but pain. But when we cannot only say to you that God has said he will work
good out of your afflictions, but we can say to you, that you yourselves have
found it so by experience, that God has made former afflictions to be great
benefits to you, and that you would not have been without them, or without the
good that came by them for a world, such experiences will exceedingly quiet the
heart and bring it to contentment. Therefore think thus with yourself: Lord, why
may not this affliction work as great a good upon me as afflictions have done
before? Perhaps you may find many other considerations, besides, in your own
meditations; these are the principal ones that I have thought of.
I will add only one word to this, of one who once was a great merchant and
trader-his name was Zeno-and it happened once that he suffered shipwreck, and
he said, 'I never made a better voyage and sailed better than at the time that I
suffered shipwreck.' Now this was a strange saying that he had never made a
better voyage! It would be a strange paradox to you who are seamen, to say
that it is a good voyage, when you suffer shipwreck.
But he meant because he got so much good by it; God was pleased to bless it so
far to him that he gained much to his soul by it, so much soul-riches that he
made account that it was the best voyage that ever he had. Truly, sometimes it
is so, yes, to you who are godly; I make no question but you find it so, that your
worst voyages have proved your best. When you have met with the greatest
crosses in a voyage, God has been pleased to turn them to a greater good to
you, in some other way. It is true, we may desire crosses that they may be
turned to other advantages; but when God in his providence so orders things,
that you meet with bad voyages, you may expect that God will turn them to a
greater good, and I do not doubt but that those who have been exercised in the
ways of godliness any long time have abundant experiences, which they have
gained by them.
You know sometimes it is better to be in a little ship, for they have an advantage
over greater ones in storms many times: in a storm a little ship can thrust into a
shallow place and so be safe, but your great ships cannot, they must be abroad
and tossed up and down in the storm and tempest, and so many times split
against the rocks. And so, it may be, God sees there is a storm coming, and if
you are in your great ship you may be split upon rocks and lands. God,
therefore, puts you into a smaller vessel that you may be more safe. We will lay
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aside speaking of those considerations now, but I would not have you lay them
aside, and put them out of your thoughts, but labor (those especially that most
concern you) to make use of them in a needful time, when you find any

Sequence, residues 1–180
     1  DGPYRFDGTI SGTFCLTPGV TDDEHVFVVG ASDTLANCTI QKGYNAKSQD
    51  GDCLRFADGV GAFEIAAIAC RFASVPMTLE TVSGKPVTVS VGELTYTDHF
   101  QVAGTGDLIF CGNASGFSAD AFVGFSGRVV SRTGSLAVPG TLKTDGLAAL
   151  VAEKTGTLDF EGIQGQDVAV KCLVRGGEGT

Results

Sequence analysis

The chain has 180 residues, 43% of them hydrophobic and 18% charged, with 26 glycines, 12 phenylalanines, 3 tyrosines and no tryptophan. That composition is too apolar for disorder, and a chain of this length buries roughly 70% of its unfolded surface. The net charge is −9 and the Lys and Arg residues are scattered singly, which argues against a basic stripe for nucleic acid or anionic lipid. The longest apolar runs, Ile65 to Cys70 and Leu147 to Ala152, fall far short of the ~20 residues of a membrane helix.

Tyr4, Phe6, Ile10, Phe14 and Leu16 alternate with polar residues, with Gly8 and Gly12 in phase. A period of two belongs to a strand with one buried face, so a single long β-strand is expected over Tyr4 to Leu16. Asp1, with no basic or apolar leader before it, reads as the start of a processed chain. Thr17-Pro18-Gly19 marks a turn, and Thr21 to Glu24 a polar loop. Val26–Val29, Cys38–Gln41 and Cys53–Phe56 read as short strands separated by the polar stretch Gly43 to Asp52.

discontentedness of spirit arising in you.
The main thing that I intend by way of appliance, is to propound directions, what
to do for helping our hearts to contentment. For, as for any further
considerations, we have already spoken largely of them, because we have
opened most things in showing what the lessons are that Christ teaches men,
when he brings them into his school, to teach them this art. I say, we have
spoken there of the special things that are most considerable for helping us to
this grace of contentment. Therefore, now, all that I shall further do about this
point, will be the giving of some directions, what course to take that we may
come to attain this grace of contentment.
1. All the rules and helps in the world will do us little good unless we get a good
temper within our hearts. You can never make a ship go steady, by propping it
outside; you know there must be ballast within the ship, to make it go steady.
And so, there is nothing outside us that can keep our hearts in a steady,
constant way, but what is within us: grace is within the soul, and it will do this.
2. If you would get a contented life, do not grasp too much of the world, do not
take in more of the business of the world than God calls you to. Do not be
greedy of taking in a great deal of the world, for if a man goes among thorns,
when he may take a simpler way, he has no reason to complain that he is
pricked with them. You go among thorns-is it your way? Must you of necessity go
among them? Then it I another matter. But if you voluntarily choose that way,
when you may go another, then you have no cause to complain. If men and
women will thrust themselves on things of the world which they do not need,
then no wonder that they are pricked and meet with what disturbs them. For
such is the nature of all things here in this world, that everything has some prick
or other in it. We will meet with disappointments and discontentments in
everything we meddle with, and therefore those who have least to do in the
world, that is, unless God calls them to it (we must put in that), are likely to
meet with many things that will dissatisfy them.
3. Be sure of your call to every business you go about. Though it is the least
business, be sure of your call to it; then, whatever you meet with, you may quiet
your heart with this: I know I am where God would have me.
Nothing in the world will quiet the heart so much as this: when I meet with any